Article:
Weeds of National Significance
Department of the Environment and Heritage and the CRC for Australian Weed Management, 2003
ISBN 1 9209 3200 3
About the guide
Bitou bush is a Weed of National Significance. It is regarded as one of the worst weeds in Australia because of its invasiveness, potential for spread, and economic and environmental impacts.
Bitou bush threatens coastal dune vegetation along Australia's east coast. It can outcompete and in many cases totally replace native flora, and it invades undisturbed as well as disturbed areas. Infestations of bitou bush drastically alter the environment for many native birds and animals. It can also create a favourable environment for other highly invasive weeds, such as asparagus fern, lantana and glory lily.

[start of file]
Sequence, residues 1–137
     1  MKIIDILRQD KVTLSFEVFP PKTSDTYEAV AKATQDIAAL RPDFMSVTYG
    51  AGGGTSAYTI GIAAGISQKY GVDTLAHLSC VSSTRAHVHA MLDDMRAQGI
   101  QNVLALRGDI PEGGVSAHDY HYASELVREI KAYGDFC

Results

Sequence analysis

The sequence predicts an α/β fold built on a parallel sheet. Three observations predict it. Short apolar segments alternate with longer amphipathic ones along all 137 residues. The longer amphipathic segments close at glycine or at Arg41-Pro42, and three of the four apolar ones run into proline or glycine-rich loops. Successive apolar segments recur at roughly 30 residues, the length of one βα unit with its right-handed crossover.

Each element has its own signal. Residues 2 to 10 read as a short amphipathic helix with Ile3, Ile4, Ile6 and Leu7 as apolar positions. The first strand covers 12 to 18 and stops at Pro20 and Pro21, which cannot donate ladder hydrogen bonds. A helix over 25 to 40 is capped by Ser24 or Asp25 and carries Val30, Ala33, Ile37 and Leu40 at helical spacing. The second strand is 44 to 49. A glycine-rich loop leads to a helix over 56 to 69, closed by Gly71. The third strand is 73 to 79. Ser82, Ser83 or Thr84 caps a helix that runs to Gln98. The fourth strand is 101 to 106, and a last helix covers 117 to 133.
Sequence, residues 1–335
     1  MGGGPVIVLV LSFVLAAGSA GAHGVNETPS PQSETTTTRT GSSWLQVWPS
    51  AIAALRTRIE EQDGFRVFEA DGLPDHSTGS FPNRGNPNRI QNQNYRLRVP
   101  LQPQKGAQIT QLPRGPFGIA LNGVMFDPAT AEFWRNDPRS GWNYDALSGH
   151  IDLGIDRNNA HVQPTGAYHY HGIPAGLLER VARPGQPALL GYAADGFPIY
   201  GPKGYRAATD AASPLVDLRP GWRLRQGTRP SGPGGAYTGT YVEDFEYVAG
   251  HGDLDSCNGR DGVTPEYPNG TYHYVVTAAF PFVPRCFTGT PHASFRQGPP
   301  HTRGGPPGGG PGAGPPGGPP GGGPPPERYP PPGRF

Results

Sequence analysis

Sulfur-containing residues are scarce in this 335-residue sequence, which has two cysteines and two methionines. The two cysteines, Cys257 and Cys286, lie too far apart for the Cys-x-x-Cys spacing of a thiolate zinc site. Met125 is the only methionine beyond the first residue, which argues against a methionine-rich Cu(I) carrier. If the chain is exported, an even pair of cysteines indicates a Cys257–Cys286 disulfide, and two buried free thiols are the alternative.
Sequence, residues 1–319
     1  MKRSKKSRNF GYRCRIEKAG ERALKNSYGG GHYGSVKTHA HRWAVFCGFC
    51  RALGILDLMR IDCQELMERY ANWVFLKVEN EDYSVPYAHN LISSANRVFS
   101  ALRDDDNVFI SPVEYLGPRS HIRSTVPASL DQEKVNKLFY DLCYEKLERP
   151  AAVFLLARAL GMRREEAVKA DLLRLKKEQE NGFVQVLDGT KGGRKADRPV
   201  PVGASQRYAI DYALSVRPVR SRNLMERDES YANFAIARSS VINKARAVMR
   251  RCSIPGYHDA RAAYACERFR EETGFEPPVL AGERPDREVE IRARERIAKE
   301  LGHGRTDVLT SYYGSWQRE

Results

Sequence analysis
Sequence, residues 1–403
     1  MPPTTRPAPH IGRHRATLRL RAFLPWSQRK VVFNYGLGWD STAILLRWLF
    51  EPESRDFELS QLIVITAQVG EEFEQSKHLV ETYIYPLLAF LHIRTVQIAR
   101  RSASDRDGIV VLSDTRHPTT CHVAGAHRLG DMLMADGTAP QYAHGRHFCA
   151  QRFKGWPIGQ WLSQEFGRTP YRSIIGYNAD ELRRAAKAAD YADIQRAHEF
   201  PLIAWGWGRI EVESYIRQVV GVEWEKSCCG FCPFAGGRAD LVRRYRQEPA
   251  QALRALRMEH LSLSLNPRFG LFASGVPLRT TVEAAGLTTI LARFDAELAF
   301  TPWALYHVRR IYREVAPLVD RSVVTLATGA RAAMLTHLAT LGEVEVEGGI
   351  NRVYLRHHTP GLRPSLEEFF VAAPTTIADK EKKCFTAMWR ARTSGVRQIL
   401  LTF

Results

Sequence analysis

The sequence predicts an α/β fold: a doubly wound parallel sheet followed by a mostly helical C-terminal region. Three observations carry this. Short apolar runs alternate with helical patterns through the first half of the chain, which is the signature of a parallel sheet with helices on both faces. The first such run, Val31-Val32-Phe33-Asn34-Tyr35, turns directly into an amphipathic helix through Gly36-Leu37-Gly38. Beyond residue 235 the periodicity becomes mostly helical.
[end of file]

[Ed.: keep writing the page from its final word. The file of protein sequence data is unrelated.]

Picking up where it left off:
Ironically, one of the plants being choked by bitou bush along the New South Wales coast, golden wattle (Acacia longifolia) has become a major pest of coastal dunes in South Africa, where it was introduced to serve much the same purpose as bitou bush in Australia.
This management guide was prepared in 2003. The state and territory contacts in this document may be out of date.
For advice on weed control in your state or territory see the primary contacts on the State and territory weed management arrangements page.
Pest Management Unit
Office of Environment and Heritage
43 Bridge St, PO Box 1967, Hurstville, NSW 2220
Tel: (02) 9585-6587
Fax: (02) 9585 6402
Mob: 0427 104 448
|Extent in Australia||Potential distribution|
|WA, QLD, NSW, VIC, SA, TAS||Could further expand in current locations|